Based on available evidence, children do not appear to be at higher risk for COVID-19 than adults. While some children and infants have been sick with COVID-19, adults make up most of the known cases to date.
Children may have mild symptoms
The symptoms of COVID-19 are similar in children and adults. However, children with confirmed COVID-19 have generally shown mild symptoms. Reported symptoms in children include cold-like symptoms, such as fever, runny nose, and cough. Vomiting and diarrhea have also been reported.
It’s not known yet whether some children may be at higher risk for severe illness, for example, children with underlying medical conditions and special healthcare needs. There is more to learn about how the disease impacts children. You can learn more about who is most at risk for health problems if they have COVID-19 infection on Are You at Higher Risk for Severe Illness.
Take steps to protect children and others from getting sick
Help stop the spread of COVID-19 by doing the same things everyone should do to stay healthy. Teach your children to do the same.
- Clean hands often using soap and water or alcohol-based hand sanitizer.
- Avoid people who are sick (coughing and sneezing).
- Clean and disinfect high-touch surfaces daily in household common areas (like tables, hard-backed chairs, doorknobs, light switches, remotes, handles, desks, toilets, and sinks).
- Launder items including washable plush toys as needed. Follow the manufacturer’s instructions. If possible, launder items using the warmest appropriate water setting and dry items completely. Dirty laundry from an ill person can be washed with other people’s items.
You can find additional information on preventing COVID-19 at How to Protect Yourself and at Preventing COVID-19 Spread in Communities. Additional information on how COVID-19 is spread is available at How COVID-19 Spreads.
Limit time with other children
Practice social distancing
The key to slowing the spread of COVID-19 is to limit contact as much as possible. While school is out, children should not have in-person playdates with children from other households. If children are playing outside their own homes, it is essential that they remain 6 feet from anyone who is not in their own household.
To help children maintain social connections while social distancing, help your children have supervised phone calls or video chats with their friends.
Clean hands often
Make sure children practice everyday preventive behaviors, such as washing their hands often with soap and water for at least 20 seconds. This is especially important if you have been in a public place.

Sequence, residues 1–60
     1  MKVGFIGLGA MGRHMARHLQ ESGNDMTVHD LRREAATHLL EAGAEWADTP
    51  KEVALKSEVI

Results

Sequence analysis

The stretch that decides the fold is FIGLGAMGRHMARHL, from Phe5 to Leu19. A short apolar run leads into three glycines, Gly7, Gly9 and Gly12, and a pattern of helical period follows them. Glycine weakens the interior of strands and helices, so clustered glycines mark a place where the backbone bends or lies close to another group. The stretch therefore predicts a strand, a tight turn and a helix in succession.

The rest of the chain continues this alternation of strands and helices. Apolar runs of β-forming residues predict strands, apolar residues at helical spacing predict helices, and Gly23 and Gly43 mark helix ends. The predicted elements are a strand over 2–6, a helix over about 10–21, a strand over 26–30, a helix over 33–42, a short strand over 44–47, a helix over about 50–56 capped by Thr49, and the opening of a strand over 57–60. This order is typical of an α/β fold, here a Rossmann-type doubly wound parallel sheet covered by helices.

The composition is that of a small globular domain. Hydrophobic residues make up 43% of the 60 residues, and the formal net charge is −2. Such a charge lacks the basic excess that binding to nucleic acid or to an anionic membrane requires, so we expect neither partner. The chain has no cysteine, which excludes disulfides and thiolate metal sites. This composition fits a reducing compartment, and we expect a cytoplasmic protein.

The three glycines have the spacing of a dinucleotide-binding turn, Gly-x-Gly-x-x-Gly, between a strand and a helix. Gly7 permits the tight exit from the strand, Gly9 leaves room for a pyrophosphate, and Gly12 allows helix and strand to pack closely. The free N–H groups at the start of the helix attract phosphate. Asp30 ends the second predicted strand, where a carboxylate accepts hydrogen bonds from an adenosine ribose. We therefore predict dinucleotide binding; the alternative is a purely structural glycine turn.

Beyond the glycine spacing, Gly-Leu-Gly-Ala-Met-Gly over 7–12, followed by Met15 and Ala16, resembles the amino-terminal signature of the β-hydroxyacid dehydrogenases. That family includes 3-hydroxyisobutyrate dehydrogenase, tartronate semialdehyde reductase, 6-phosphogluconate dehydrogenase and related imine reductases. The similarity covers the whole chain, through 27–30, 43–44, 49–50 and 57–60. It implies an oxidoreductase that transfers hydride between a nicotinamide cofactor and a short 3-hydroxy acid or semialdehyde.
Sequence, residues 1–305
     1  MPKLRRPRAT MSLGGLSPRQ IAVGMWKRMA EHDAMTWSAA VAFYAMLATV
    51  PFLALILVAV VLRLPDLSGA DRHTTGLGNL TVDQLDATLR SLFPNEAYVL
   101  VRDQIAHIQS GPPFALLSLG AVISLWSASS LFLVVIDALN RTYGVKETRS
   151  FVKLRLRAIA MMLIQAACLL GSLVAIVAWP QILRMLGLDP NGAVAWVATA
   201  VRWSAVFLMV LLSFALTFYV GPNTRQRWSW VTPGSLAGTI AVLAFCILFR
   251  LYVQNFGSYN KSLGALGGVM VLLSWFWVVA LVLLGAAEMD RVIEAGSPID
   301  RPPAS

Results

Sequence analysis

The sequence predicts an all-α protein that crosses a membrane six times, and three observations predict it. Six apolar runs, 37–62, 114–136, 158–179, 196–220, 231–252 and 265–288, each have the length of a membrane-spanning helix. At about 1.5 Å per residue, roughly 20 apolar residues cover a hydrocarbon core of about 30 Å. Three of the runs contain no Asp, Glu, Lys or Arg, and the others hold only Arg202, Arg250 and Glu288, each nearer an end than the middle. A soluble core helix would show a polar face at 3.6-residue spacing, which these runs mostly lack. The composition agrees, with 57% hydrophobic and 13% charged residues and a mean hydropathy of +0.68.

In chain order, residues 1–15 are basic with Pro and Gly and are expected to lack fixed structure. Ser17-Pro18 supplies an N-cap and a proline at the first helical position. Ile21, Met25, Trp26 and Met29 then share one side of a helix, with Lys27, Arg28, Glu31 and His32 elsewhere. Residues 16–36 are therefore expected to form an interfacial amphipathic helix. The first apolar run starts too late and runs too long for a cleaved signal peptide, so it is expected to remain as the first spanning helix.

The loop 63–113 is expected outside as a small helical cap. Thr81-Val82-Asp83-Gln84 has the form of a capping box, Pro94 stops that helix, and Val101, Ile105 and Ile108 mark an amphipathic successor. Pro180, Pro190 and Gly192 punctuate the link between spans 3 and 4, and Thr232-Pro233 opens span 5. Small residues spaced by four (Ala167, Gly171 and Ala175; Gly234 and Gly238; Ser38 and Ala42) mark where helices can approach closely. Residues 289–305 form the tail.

Change spring break & travel plans
Revise spring break and travel plans if they included non-essential travel.
If children meet in groups, it can put everyone at risk. Children with COVID-19 may only have mild symptoms, but they can still pass this virus onto others who may be at higher risk, including older adults and people who have serious underlying medical conditions.
Limit time with older adults and people with serious underlying medical conditions
Older adults and people who have serious underlying medical conditions are at highest risk of severe illness from COVID-19.
If others in your home are at particularly high risk for severe illness from COVID-19, consider extra precautions to separate your child from those people.
If you are unable to stay home with your child while school is out, carefully consider who might be best positioned to provide child care. If someone at higher risk for COVID-19 will be providing care (older adult, such as a grandparent or someone with a chronic medical condition), limit your children’s contact with other people.
Consider postponing visits or trip to see older family members and grandparents. Connect virtually or by writing letters and sending via mail.
Children 2 years and older should wear a cloth face covering
Children 2 years and older should wear a cloth face covering their nose and mouth when in the community setting. This is an additional public health measure people should take to reduce the spread of COVID-19 in addition to (not instead of) social distancing, frequent hand cleaning and other everyday preventive actions. A cloth face covering is not intended to protect the wearer, but may prevent the spread of virus from the wearer to others. This would be especially important in the event that someone is infected but does not have symptoms. Medical masks and N-95 respirators are still reserved for healthcare workers and other first responders.